Thursday 14 June 2012

A World of Two Brothers

Anton Freeman differs from his brother Vincent in a variety of ways; he is immune to mental disorders and has a healthier heart; while Anton enjoys a strong athletic stamina Vincent is myopic and weak; Anton has great aspirations while Vincent has a life expectancy of only 30.2 years. Vincent has been born naturally while Anton was born through genetic selection.

The Freeman brothers are characters from Andrew Niccol’s 1997 film Gattaca, set in ‘the-not-too-distant future’ where only foetuses exhibiting the best of their parental traits are born. With the news that scientists from the University of Washington in Seattle have managed to map the genome sequence of a foetus at 18 weeks old, it would seem that the ‘not-too-distant future’ is appearing on the horizon.

Using DNA from the saliva of the father and a blood sample of the mother, Dr Jay Shendure and his team managed to differentiate the free flowing 10% of the foetus’ DNA from that of the mother’s in her bloodstream. This allowed the team to predict with 98% accuracy the foetus’s susceptibility to over 3000 Mendelian disorders such as Huntingtons disease and Cystic Fibrosis. Societies across the globe are said to have between three and five years to discuss to what extent (if at all) regulate such testing before it is available for public use.

Today, roughly 1% of babies are born with a Mendelian disorder and this figure is seen to be increasing due to the rising age at which women give birth. Such a breakthrough has the potential to alleviate a great deal of emotional and physical discomfort or distress for both child and parent. The ability to offer parents the choice of terminating a foetus with a strong likelihood of spending a life in debilitated by such a disorder is likened by some to Pasteur’s breakthrough against smallpox in the 19th century. A government attempting to limit such medical advancement offering parents such a choice would undoubtedly attract resistance.

However there is currently strong opposition from religious and conservative groups to Dr Shendure’s work due to fear that it will lead to a steep rise in abortions. Josephine Quintavalle from the UK-based Pro-Life Alliance told The Daily Telegraph, ‘one always hopes, vainly, that in utero testing will be for the benefit of the unborn child’ but ‘it is difficult to imagine that this new test will not lead to more abortions’. Figures appear to support Quintavalle’s concerns, reporting that 90% of foetus that have been valued with Downs syndrome (currently able to be identified through pre-natal testing) were terminated.
A further concern is that relatively minor or intellectual impairments will qualify in some parents’ minds as grounds for abortion. The New York Times quotes Marcy Darnovsky, associate executive director of the centre for Genetics and Society, a public interest group in Berkeley, saying that ‘some scenarios are extremely troubling’ as such tests leads to questions on ‘who deserves to be born’. It is here that we enter upon the world of Gattaca. People are concerned that Dr Shendure’s work will lead to the horror of cosmetically motivated termination in attempts to ensure crystal blue eyes, physical prowess and the avoidance of that undesirable family nose.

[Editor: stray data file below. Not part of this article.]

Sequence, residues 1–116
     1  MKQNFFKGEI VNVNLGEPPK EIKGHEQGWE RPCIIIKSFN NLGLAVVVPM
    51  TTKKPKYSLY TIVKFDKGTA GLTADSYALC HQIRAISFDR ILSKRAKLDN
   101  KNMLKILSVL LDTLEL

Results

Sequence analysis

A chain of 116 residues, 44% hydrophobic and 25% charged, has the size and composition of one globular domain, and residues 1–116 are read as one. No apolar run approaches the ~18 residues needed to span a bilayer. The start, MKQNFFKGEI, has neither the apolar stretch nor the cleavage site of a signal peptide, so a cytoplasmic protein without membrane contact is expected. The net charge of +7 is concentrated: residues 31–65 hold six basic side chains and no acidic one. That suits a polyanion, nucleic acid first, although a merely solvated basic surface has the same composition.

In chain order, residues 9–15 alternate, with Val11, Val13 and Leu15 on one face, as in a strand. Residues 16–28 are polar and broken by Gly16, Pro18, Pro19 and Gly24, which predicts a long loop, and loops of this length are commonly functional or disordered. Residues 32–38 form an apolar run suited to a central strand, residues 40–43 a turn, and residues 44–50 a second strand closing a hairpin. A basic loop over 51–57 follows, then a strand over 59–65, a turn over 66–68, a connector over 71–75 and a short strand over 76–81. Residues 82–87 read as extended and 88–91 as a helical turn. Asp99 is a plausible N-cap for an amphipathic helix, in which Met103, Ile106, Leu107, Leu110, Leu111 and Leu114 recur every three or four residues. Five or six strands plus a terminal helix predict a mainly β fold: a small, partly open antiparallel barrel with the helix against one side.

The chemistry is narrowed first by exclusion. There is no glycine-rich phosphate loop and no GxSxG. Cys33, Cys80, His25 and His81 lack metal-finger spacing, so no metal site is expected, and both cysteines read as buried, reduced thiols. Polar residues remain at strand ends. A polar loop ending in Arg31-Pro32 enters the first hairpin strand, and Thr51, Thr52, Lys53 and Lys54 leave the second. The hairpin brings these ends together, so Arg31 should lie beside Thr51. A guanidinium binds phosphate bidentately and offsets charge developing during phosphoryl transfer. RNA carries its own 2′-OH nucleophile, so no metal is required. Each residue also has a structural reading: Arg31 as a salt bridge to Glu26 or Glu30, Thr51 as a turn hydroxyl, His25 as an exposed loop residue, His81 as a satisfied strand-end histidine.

As always, money enters the debate. The cost of the screening today has been estimated at between $20 000 to $50 000. Though by the time this screening is offered to the public it is likely to be lower, the cost is likely to still be out of reach for many families, leading many to fear it will create a further divide between rich and poor, where the former will have not only more indulged and better educated children, but children with better looks, stronger limbs, healthier hearts and bigger brains. Furthermore, one can look to an uncomfortable image of future international relations where more religious or less affluent states do not utilise the technology while others rejoice amongst genetically superior citizens.

Dr Shendure announced that ‘this is not science fiction anymore’ and one must be careful not to get carried away in imaginary worlds akin to those of HG Wells. However, it is equally important not to underestimate the strong consequences of Dr Shendure’s research may lead to. The dawn of artificial selection as opposed to natural selection will lead to many cries of humanity ‘playing God’. Whether or not this is a just claim, even a rational mind will be able to look ahead and envisage the dawn of a world where medical research strives not to make people better but to make better people.

Bertie Digby Alexander
London 2012
Originally published on -

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